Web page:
State Development & Industry

State Development & Industry

No future for uranium mining in WA

Friday, 2 June

WA Greens MLC Robin Chapple has called out comments by the former Minister on the future of uranium mining as misleading, because no uranium proposal in Western Australia has been approved.

“It is a fact that not one of these four projects has received all necessary approvals, contrary to what the Liberal party and the companies involved in these projects – Vimy Resources, Cameco and Toro - would have Western Australians believe,” Mr Chapple said.

“Environmental approval is not an approval to mine, or even to construct. It should be made very clear that no uranium project in Western Australia has achieved these levels of approval to construct, mine or export.

“Shadow Mines and Petroleum Minister Sean L’Estrange knows full well that this is the case, and he is being deliberately misleading in calling out the government on this issue. No election promise would be broken by WA Labor because, quite simply, the context for the promise was not achieved prior to the March state election.

“Vimy Resources and Cameco believe they have pulled the wool over the eyes of Western Australians; this is not confidence, it is arrogance.

“Eight and half years of Liberal Government has not produced a single, viable uranium mine in Western Australia and the WA Greens will push hard to ensure it won’t happen under a Labor Government.”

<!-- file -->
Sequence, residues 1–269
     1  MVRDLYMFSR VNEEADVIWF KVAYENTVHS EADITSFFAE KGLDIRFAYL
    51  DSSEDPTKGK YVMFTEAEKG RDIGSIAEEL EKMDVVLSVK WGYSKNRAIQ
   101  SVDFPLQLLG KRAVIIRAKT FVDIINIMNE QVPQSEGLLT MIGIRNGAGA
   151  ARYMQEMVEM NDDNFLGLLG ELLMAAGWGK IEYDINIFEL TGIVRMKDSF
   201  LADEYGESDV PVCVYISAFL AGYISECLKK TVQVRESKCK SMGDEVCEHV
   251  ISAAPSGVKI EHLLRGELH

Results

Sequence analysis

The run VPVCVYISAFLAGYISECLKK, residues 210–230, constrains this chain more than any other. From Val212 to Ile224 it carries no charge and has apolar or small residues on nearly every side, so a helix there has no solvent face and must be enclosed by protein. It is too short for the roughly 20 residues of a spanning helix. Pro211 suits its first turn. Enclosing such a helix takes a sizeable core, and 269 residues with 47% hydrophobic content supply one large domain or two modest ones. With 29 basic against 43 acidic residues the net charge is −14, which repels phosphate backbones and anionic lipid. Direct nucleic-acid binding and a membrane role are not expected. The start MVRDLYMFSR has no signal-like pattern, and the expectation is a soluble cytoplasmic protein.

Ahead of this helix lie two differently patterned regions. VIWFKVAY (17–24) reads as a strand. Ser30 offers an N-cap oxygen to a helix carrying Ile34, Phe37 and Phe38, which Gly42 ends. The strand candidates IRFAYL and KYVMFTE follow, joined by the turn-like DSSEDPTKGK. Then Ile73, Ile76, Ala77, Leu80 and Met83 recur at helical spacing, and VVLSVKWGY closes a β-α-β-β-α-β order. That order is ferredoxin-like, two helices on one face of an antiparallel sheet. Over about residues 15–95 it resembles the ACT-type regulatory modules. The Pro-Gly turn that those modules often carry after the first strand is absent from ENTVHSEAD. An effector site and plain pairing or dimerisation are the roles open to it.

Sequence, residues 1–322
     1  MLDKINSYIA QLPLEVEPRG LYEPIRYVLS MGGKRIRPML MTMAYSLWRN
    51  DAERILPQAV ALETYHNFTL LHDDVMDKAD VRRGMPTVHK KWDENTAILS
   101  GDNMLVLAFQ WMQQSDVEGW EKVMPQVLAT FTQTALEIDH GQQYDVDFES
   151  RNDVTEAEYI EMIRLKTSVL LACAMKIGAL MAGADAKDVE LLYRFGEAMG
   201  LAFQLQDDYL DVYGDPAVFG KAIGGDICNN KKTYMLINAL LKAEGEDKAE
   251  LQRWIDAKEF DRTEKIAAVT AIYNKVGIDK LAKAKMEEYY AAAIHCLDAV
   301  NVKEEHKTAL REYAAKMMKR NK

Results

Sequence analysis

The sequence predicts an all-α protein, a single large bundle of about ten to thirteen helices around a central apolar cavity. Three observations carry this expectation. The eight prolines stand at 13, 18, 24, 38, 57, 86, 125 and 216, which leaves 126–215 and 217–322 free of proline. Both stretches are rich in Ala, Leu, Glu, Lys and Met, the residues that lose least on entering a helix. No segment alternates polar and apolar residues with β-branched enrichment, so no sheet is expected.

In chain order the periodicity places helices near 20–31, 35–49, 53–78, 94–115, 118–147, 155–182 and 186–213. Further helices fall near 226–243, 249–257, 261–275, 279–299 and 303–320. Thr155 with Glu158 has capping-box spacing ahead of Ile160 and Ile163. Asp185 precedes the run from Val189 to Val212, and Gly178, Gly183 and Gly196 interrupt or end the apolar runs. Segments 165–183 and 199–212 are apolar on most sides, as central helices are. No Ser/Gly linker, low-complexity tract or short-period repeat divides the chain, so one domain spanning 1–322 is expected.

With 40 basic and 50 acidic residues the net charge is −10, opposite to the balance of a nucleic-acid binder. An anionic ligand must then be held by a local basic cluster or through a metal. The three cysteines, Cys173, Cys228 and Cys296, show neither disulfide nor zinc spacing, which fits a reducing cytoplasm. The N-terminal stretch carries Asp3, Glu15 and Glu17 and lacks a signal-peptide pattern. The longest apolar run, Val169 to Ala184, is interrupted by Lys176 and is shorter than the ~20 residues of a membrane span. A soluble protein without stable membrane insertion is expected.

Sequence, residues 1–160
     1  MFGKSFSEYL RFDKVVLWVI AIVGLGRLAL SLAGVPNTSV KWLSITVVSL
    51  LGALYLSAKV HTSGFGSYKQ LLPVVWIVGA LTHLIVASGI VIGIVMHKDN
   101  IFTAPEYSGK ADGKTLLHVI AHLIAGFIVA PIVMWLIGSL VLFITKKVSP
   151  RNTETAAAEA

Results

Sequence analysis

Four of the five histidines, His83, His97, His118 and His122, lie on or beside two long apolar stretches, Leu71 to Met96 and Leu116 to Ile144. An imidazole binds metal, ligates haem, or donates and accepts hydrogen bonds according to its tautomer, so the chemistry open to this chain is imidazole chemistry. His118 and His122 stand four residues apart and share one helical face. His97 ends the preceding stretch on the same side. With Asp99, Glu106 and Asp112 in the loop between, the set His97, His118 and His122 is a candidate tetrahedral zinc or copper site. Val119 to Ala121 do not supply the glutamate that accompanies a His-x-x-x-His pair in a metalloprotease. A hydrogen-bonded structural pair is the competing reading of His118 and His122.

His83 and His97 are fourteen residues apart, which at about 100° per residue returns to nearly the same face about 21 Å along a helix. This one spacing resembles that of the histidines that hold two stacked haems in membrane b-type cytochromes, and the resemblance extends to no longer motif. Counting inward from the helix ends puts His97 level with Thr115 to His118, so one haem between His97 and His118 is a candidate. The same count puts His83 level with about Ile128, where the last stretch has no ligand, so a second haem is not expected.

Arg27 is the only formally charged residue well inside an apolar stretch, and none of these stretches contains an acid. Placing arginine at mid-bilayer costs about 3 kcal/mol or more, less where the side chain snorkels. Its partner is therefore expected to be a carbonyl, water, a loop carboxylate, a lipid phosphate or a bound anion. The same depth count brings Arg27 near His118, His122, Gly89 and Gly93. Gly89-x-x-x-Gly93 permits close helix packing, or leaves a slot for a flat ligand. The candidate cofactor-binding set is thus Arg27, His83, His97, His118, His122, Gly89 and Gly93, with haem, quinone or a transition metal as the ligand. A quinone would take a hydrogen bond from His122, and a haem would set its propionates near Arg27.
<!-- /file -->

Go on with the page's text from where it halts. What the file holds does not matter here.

Media contact: Tim Oliver 0431 9696 25

Privatisation of Utah Point processing facility must be reversed: Greens

Wednesday, 15 February

The WA Greens have announced they will move to rescind the sale of Utah Point processing facility in Port Hedland after the March state election, to preserve local jobs in Port Hedland and long-term state revenue.

Longstanding MLC Robin Chapple today called on Labor to publically support this position, and on the National Party to reverse their support for privatisation in the next term of government.

“Utah Point is the only facility in Port Hedland that is not owned and utilised by either BHP, FMG or Roy Hill; it allows small miners without rail to compete and provides ongoing, indefinite revenue to the state of Western Australia,” Robin said.

“Brendon Grylls wants to introduce an illegal tax on BHP Billiton and Rio Tinto but he’s happy to let the sale of Utah Point slide, a move that directly contributes to the monopolisation of the iron ore industry in WA.

“Labor opposed the privatisation of Utah Point in Parliament and have been very vocal about stopping the sale of Western Power, so where are they on this issue now? They’re cherry-picking metro issues for votes and ignoring their regional constituents.

“The WA Greens have consistently stood up for the rights of small miners to access Port Hedland Harbour and we wholly opposed the privatisation legislation. Privatisation of Utah Point is akin to selling your house to pay off your mortgage.”

WA Greens Pilbara candidate Brent McKenna said the sale of Utah Point would ultimately mean a loss of local jobs in Port Hedland, a town that is already struggling to cope with the impacts of a largely FIFO workforce and normalisation of growth within the mining industry.